During the past four years a study has been made by us of the seasonal variation in the antirachitic effect of sunshine. From the results reported1 it was concluded that the sun's rays during the latter part of October, all of November, December and January and the first part of February in the latitude of Toronto produced a slight but definite antirachitic effect, which sharply increased about February 15 and continued throughout the summer at approximately eight times the winter level. A marked decrease in the antirachitic effect occurred about October 15. It was further found2 that this change in antirachitic effect is apparently largely dependent on the altitude of the sun above the horizon. When the sun is low in the sky the rays necessarily pass through a greater amount of the earth's atmosphere, and the short, biologically active ultraviolet rays are markedly diminished. A critical altitude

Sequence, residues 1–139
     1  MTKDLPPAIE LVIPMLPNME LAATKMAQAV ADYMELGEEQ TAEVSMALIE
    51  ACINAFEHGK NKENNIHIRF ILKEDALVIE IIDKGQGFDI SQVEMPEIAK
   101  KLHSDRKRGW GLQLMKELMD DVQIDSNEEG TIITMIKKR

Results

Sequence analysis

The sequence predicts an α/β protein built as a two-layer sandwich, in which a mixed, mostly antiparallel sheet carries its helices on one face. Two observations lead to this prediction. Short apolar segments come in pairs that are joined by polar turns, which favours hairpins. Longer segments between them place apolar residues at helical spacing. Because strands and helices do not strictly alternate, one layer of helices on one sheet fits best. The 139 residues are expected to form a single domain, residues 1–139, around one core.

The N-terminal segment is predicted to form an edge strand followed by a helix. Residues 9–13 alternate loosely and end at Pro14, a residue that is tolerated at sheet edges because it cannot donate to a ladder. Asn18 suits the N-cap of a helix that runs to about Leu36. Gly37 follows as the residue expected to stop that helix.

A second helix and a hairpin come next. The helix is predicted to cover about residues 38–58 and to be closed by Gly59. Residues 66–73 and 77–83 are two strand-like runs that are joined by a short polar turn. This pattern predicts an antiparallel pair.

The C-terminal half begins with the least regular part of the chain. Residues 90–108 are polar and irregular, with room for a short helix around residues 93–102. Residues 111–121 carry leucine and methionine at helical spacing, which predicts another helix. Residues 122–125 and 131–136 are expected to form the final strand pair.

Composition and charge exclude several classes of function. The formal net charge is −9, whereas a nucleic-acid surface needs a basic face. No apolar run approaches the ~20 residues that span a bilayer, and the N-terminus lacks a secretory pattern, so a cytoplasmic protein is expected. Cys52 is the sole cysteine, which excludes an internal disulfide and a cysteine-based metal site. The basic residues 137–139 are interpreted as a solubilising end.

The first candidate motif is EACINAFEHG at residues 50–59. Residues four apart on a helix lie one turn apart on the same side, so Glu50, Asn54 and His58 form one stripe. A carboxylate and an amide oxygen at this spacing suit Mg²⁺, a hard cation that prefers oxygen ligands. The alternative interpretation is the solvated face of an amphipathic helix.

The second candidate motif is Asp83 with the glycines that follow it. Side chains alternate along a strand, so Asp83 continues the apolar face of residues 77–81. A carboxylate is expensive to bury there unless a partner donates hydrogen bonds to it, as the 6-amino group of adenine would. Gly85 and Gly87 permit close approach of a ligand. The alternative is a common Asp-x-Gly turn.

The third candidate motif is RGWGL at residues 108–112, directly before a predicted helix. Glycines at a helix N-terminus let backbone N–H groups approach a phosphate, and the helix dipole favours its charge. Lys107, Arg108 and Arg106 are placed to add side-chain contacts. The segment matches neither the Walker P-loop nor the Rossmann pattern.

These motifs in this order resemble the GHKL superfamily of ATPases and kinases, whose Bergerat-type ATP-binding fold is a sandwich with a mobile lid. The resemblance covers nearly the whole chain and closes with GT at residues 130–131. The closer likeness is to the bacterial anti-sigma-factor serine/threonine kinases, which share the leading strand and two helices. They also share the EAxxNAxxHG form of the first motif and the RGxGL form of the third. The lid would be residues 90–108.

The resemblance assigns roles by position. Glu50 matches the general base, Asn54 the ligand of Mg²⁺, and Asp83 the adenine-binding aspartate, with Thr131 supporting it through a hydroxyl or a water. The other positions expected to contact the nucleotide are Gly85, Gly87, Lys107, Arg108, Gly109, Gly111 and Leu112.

TISDALL FF, BROWN A. SEASONAL VARIATION IN THE ANTIRACHITIC EFFECT OF SUNSHINE. Am J Dis Child. 1931;42(5):1144–1147. doi:10.1001/archpedi.1931.01940180094015
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